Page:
Our Treatment Approach
Experts at MD Anderson have partnered with physicians at three other leading institutions to form the Retinoblastoma Center of Houston. This group forms one of the world's foremost teams of experts in caring for retinoblastoma. They will work together to develop a customized a treatment plan just for your child.
The team that treats your child for retinoblastoma will include a number of highly trained doctors, including oncologists, surgical oncologists and radiation oncologists. MD Anderson patients will also get skilled care from a group of dedicated professionals such as advanced practice nurses, physician assistants, therapists and social workers.
We offer a range of clinical trials for retinoblastoma. We are on the forefront of discovering new and better ways to treat retinoblastoma, and this can translate to better chances for successful treatment for your child.
Our Retinoblastoma Treatments
Doctors who treat retinoblastoma will tell you they have three goals, in order: Save the life. Save the eye. Save the vision. To achieve these goals, they can use the following treatments.
Laser treatment uses lasers to destroy the tumor. This is very effective for small tumors that are confined to the retina and do not involve the optic disc or the area near it, called the macula, which is the most important part of the retina for vision.
Cryotherapy uses a small probe to kill the tumor by freezing it. This is also a good option for small peripheral tumors.
Chemotherapy kills cancer cells or stops them from dividing. For retinoblastoma, chemotherapy may be used to shrink the tumor, making treatments like laser or cryotherapy more effective. For cancers that have spread outside the eye, doctors may prescribe high dose chemo with stem cell rescue. This is an aggressive treatment that uses stem cells to replenish blood cells destroyed by powerful chemotherapy drugs. Retinoblastoma chemotherapy is usually delivered in one of four ways:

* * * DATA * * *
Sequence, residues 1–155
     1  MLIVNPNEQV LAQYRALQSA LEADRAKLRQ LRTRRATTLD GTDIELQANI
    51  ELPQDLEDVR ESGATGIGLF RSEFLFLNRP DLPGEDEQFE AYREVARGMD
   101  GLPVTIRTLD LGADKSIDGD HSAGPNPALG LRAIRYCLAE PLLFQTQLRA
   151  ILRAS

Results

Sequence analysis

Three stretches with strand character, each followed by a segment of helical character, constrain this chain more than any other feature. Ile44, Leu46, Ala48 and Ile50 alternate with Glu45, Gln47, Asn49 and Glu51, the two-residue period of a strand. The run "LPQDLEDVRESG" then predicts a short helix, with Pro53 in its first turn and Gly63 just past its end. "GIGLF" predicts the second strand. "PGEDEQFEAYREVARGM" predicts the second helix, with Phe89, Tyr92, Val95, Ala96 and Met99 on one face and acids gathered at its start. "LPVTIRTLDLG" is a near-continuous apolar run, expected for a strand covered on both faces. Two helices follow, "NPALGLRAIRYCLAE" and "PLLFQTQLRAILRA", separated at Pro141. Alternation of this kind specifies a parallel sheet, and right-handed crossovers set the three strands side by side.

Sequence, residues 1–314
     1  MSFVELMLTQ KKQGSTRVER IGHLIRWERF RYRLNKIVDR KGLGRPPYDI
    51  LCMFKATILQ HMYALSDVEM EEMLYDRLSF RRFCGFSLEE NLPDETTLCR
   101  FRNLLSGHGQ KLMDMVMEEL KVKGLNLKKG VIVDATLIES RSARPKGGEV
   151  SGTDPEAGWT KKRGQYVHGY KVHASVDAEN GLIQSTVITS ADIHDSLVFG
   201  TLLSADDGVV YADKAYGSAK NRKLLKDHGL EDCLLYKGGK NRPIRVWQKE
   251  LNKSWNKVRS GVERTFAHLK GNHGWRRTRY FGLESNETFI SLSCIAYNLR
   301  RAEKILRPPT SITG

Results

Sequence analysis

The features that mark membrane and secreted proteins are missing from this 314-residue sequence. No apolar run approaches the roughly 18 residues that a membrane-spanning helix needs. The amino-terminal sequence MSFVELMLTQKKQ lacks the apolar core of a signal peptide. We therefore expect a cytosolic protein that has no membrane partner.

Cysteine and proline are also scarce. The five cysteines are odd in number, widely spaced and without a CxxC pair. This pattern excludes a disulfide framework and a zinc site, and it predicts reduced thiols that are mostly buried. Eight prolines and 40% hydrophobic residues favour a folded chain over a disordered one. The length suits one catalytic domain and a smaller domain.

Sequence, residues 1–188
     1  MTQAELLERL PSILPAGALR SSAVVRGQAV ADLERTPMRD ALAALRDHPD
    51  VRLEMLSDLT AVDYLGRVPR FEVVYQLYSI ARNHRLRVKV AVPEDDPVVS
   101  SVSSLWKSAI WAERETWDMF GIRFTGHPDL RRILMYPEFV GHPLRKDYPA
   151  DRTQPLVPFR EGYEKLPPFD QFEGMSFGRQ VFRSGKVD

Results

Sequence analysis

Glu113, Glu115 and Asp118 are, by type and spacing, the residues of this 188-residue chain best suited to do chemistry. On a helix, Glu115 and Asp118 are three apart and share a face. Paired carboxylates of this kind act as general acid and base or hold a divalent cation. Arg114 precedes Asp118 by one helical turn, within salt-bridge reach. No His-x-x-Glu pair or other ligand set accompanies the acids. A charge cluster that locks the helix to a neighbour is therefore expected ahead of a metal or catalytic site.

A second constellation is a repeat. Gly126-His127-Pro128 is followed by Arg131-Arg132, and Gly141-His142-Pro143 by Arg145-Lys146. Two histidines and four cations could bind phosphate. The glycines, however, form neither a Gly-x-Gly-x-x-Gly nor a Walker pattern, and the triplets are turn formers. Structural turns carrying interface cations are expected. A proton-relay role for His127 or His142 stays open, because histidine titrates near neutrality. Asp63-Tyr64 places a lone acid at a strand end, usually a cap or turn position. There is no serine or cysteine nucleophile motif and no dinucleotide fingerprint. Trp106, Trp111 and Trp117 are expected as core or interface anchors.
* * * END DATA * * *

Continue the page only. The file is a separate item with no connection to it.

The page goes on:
- Intravenous: The drug is injected into a blood vessel and is pumped throughout the body.
- Intra-arterial: A catheter is inserted into a blood vessel near the groin and then steered through the body up to the eye, where chemo is directly delivered.
- Intravitreal: Chemotherapy is injected directly into the eye.
- Periocular: The drug is placed around the eye.
Radiation therapy is a very effective treatment for retinoblastoma. Radiation treatments for retinoblastoma include plaque therapy, where a disk with radioactive seeds is implanted on the outside of the eye near the tumor. Another option is proton therapy, a very advanced and precise treatment that limits healthy tissue’s exposure to radiation.
Enucleation surgery, or removal of the eye, may be performed when the tumor fills more than half the eye, when other structures in the eye are involved or when the retina is detached. Children who undergo this procedure are fitted with an ocular implant and later an artificial eye. Thanks to advances in detection and treatment, enucleation is not used as often as it once was.
MD Anderson patients have access to clinical trials offering
promising new treatments that cannot be found anywhere else.
Find the latest news and information about retinoblastoma in our
Knowledge Center, including blog posts, articles, videos, news
releases and more.
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